Wild Oats Wins Hobart Race
Twenty hours after the 100-footer Wild Oats XI was first to cross the finish line in the Rolex Sydney Hobart Race, she has been declared the official line-honors winner after being cleared of a protest lodged by the race committee.
Wild Oats XI completed the 628-course from Sydney Harbor to Hobart, Tasmania, in 2 days 7 hours and 37 minutes, in the process surviving one of the toughest Sydney Hobart Races in recent memory. However, she was in danger of having the finish thrown out for not meeting the races safety requirements.
Ever since the 1998 Rolex Sydney Hobart Race in which six sailors died and five boats sank when the fleet was hit by severe weather, the Cruising Yacht Club of Australia (CYCA), which organizes the race, has placed a premium on safety.
In the case of Wild Oats XI, the boat had problems with its VHF radio, and it was unclear whether the crew had been racing at one point without being able to provide a position report correctly, in violation of the rules. The boat did, in fact, alter course for about 20 minutes while it was fixing the radio and only resumed racing after it had received confirmation that a shore station was receiving its signal.
After being cleared by the protect committee, Wild Oats XI skipper Mark Richards said that while he was confident his crew had fully complied with the rules, he was still very relieved when the final verdict was announced.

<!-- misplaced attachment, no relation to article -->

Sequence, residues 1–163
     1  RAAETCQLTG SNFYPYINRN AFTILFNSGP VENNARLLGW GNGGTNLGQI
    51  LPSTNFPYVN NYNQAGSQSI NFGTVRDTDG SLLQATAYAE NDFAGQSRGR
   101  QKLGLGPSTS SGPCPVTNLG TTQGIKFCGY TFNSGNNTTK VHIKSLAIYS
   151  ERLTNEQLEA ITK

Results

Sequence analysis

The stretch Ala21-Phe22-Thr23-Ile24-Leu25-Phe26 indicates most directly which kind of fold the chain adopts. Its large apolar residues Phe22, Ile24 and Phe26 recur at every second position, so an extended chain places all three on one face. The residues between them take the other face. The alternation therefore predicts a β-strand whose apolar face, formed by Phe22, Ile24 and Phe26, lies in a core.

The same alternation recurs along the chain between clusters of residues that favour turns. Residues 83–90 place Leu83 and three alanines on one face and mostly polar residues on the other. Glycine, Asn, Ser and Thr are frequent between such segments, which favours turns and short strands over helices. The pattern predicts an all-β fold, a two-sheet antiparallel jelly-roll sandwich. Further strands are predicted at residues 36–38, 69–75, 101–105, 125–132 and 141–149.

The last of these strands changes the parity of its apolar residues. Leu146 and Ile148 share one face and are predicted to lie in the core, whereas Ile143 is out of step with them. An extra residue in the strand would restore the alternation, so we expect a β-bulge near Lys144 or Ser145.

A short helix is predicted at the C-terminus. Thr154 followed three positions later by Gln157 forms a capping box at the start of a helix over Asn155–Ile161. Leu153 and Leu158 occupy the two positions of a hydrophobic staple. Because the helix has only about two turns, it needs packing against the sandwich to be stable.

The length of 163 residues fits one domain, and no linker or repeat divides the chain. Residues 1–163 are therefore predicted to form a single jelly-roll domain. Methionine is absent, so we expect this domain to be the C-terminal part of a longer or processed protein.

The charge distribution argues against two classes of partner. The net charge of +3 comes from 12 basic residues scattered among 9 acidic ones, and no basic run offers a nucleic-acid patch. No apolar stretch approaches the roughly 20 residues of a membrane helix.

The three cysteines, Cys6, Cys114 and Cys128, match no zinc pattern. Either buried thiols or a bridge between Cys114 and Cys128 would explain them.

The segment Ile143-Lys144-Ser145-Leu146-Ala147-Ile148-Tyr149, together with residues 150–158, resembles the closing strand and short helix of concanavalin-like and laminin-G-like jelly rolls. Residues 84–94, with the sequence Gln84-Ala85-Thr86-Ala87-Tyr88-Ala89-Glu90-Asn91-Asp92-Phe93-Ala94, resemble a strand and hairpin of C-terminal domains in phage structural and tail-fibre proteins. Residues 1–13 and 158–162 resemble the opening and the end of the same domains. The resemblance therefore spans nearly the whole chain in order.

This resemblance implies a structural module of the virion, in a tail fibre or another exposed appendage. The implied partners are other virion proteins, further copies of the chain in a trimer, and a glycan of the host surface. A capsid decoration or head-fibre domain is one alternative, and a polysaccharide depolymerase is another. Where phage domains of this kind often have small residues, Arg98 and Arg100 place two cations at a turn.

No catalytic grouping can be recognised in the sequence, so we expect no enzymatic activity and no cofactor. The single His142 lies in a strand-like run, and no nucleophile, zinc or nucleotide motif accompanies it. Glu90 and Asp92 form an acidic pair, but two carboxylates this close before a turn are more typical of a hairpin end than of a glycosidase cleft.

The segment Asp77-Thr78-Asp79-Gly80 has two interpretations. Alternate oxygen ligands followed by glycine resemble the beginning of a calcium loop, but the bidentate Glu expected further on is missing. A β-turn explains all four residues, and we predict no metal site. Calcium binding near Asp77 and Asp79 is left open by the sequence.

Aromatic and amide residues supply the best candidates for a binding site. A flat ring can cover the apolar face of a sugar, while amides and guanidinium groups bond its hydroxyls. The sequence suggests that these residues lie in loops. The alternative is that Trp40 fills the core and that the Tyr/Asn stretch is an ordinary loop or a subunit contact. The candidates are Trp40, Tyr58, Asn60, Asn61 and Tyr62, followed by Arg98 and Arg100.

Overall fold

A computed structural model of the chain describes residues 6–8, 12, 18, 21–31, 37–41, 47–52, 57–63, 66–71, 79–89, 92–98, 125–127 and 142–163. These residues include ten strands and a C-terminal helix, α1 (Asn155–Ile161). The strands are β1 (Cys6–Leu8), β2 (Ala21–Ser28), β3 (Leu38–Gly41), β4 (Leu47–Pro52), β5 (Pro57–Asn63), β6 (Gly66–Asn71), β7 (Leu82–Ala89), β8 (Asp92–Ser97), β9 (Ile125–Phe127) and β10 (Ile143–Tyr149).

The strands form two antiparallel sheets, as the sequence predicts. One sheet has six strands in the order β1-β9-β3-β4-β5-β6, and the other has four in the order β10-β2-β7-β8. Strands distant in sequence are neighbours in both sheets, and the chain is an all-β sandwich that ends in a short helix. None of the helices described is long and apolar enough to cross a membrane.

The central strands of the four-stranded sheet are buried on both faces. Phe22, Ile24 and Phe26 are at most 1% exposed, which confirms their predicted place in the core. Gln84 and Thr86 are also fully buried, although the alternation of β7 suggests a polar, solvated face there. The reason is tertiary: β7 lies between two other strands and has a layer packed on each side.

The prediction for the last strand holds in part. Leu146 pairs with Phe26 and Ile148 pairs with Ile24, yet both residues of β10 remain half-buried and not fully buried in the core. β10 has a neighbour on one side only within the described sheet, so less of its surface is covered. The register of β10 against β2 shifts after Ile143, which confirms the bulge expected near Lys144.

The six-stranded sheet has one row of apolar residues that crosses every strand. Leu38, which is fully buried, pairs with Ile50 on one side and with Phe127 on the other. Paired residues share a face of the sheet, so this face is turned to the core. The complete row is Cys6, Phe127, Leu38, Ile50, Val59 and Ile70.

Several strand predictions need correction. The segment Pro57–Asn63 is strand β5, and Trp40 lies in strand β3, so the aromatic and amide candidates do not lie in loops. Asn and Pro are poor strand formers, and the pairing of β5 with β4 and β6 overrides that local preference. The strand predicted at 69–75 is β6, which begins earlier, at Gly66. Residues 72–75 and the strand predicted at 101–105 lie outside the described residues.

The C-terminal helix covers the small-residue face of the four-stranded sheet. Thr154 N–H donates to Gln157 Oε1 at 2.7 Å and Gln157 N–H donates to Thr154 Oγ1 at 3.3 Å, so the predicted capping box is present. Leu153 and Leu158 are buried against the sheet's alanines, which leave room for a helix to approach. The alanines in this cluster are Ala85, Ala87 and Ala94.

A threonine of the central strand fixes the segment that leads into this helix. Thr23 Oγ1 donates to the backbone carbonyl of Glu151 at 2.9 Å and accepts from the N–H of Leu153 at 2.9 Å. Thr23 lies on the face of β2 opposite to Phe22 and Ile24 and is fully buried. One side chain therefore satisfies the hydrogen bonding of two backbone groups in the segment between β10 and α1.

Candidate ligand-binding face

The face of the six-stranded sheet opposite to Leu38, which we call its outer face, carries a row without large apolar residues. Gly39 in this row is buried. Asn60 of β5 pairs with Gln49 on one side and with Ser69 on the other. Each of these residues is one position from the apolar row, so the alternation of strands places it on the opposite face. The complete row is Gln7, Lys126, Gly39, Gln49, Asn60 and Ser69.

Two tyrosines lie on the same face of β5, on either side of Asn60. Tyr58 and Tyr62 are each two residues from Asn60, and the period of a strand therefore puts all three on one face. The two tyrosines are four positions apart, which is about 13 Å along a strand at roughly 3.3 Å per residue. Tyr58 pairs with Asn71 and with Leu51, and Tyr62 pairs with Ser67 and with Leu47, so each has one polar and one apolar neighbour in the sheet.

Protests are never a good thing, especially from the race committee. They had reasons to do what they did, but fortunately wed done our homework, ticked off all the boxes and got out of trouble, Richards said. Juries are very good at making you sweat, and they made us sweat today, but common sense prevailed and the right result was made. Two good things came out of this: race officials are very serious about safety, and the back-up plans that are in place are working.
The victory marks the fifth time in six attempts that Wild Oats XI has been first to finish in the Rolex Sydney Hobart race, one of the toughest sailing races in the world, thanks to the typically rough weather in the Bass Strait between Australia and Tasmania.
The 66th edition of the race, which always begins on Boxing Day December 26, featured a classic southerly buster with rough seas and winds on the nose greater than 40 knots. At press time, 18 of the 87 boats taking part had to withdraw because of damage, including everything from ripped sails to failed rudder bearings and at least one dismasting. Although there were some minor injuries, no one was seriously.
With dozens of boats still at sea, organizers had also not yet declared a winner of the Tattersail Cup, which goes to the handicap winner of the race.
For complete results, including real-time race tracking, click here.